Posts Tagged ‘Huron River Watershed Council’

Make a Difference… Be a Scientist on Earth Day

Join a team of kids, teens, adults, and retirees during the River Roundup as you explore creeks and rivers.

Join a team of kids, teens, adults, and retirees during the River Roundup as you explore creeks and rivers.

Earth Day falls on April 22 this year, and not accidentally, so does HRWC’s spring River Roundup.  Perhaps the idea of Earth Day may strike you as a little disheartening this year, in our current political climate of science and environmental budget cuts, and widespread doubt in scientific data.  Are we making a difference at all?  Or is our country reverting back to an era of rivers catching on fire?  What is so disheartening to me personally is not a looming Federal budget that will remove funding for the Great Lakes and environmental regulation (though that is terrible, don’t get me wrong, but I’m not surprised by this), but to see so many people who agree with this course of action. Still, there is room for hope in our future, and that hopes lies in you—the many people who want clean water and clean land and who stand strong with HRWC to work for it.

Consider volunteering with us. Every participant makes an immediate difference at our local level.  HRWC volunteers collect scientific data in southeast Michigan, primarily in Oakland, Livingston, Washtenaw, and Wayne Counties. For the upcoming River Roundup on Earth Day, volunteers will be looking for aquatic insects that tell us about the health of the Huron River and its tributaries, and ultimately about the health of all the land that drains into the Huron.  This information gives HRWC the knowledge to conduct effective river management projects and the authority to speak  intelligently on water quality issues with local, state, and federal government, landowners, and  other decision-makers.

And in the process of collecting scientific data, HRWC volunteers are learning and teaching others.  It is always so exciting to see the adult HRWC volunteers interacting and teaching children, teens, and college students about river systems, insects, and the environment.  And in as many cases, to see the kids teaching the adults! This is the type of education that will create the long term cultural change needed in our country.

Make a difference locally by acting now to help HRWC collect scientific information that informs our management decisions and local policies; change the future by teaching the younger generation in the process. The River Roundup is on Earth Day, April 22.  Learn more about the River Roundup and register at http://www.hrwc.org/volunteer/roundup/

Engage, Engage, Engage

In the last 2 months I’ve been asked a lot about my thoughts on sustainability and climate going forward. At a recent climate rally I shared what we do best at HRWC—the climate science and trends, and what people can do.

Here is a synopsis of my comments:

For 50 years our job has been to study and protect the Huron River, which runs right through many communities, including Ann Arbor. We have 25 years of data about this ecosystem. And the data confirms what we’ve seen this February. We have a migrating climate. Days like this are what we would have expected to see in Kentucky 20 years ago. Within 50 years our seasons will feel more like Oklahoma. This has massive implications for our natural ecosystems and our economy, and our quality of life!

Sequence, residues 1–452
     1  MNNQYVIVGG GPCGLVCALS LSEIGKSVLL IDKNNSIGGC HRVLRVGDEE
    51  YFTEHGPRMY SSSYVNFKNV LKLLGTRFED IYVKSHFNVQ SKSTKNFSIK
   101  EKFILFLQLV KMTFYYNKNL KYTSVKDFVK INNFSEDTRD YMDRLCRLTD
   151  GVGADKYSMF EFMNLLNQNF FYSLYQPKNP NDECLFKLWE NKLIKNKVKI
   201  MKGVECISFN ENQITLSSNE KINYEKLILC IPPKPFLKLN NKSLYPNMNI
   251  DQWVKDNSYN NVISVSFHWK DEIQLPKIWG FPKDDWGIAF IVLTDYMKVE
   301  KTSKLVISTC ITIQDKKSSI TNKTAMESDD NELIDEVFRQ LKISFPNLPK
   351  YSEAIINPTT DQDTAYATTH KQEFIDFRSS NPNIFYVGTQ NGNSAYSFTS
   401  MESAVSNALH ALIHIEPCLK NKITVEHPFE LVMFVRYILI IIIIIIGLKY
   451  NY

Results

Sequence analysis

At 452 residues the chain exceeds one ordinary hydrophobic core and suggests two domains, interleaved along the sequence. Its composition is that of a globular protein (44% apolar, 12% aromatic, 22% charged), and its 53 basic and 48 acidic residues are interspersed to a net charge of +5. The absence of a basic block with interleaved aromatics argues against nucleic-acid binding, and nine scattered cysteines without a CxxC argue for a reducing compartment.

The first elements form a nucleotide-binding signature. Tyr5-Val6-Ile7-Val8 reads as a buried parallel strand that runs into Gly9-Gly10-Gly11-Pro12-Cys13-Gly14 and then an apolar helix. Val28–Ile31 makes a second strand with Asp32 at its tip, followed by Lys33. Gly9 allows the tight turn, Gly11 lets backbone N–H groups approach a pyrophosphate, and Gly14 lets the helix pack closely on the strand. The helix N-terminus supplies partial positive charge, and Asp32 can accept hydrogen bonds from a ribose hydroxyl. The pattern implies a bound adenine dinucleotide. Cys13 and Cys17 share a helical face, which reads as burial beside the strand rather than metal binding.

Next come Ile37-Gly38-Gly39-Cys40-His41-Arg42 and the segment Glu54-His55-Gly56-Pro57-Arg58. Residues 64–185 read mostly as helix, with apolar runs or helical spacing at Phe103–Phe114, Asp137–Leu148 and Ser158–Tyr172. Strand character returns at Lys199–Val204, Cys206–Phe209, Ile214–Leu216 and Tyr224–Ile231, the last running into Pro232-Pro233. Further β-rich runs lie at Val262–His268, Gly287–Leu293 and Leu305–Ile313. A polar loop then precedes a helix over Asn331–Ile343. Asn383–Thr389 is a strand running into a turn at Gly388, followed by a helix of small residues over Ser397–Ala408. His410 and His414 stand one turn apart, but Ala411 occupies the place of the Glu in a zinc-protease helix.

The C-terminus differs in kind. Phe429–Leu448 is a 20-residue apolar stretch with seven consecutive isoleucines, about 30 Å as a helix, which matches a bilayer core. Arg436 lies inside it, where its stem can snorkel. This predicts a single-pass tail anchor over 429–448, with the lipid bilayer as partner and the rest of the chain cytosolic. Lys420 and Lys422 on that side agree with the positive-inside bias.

Ann Arbor floodingSo let me tell you about what our science shows us about Michigan today:

  • It’s warmer. Annually by 2 degrees F; by 2070 an increase of 3.5 to 6 degrees.
  • Today, the growing season, or the frost-free season, has gotten longer by 9 days. In the future, it could increase by 1-2 months.
  • Today, Michigan gets more rain and snow—an 11% increase. In Ann Arbor 24% more.
  • The strongest storms have become more intense and more frequent. These rain storms are so heavy they overwhelm our storm sewers, our dams, and our wastewater treatment plants.

But, that’s facts and figures, let me tell you a couple of stories about how that affects us all.

  • People might remember that three years ago, a rain caused flooding in our watershed and in particular, on the UM campus. It was so intense and with so much water, students kayaked down the East University Street.
  • HRWC researches the river. Every January, we send about 100 volunteers out, up and down the river, to collect Stoneflies. Stoneflies are little bugs that are sensitive to changes and pollution, so they tell us how healthy the river is. Two years ago we had to cancel because of the extreme cold. The volunteers couldn’t break the thick ice to get in to the river. This year, we had the opposite problem: our volunteers could not get in the river in certain places due to high flows from a 50 degree thaw. We heard from volunteers that they were already seeing stoneflies that had hatched rather than in their larval stage. This means that when the fish start spawning in April, they won’t have as many stoneflies to eat….that damages the entire aquatic ecosystem.

So we’ve had an extremely warm February, but these unexpected extremes should now be expected.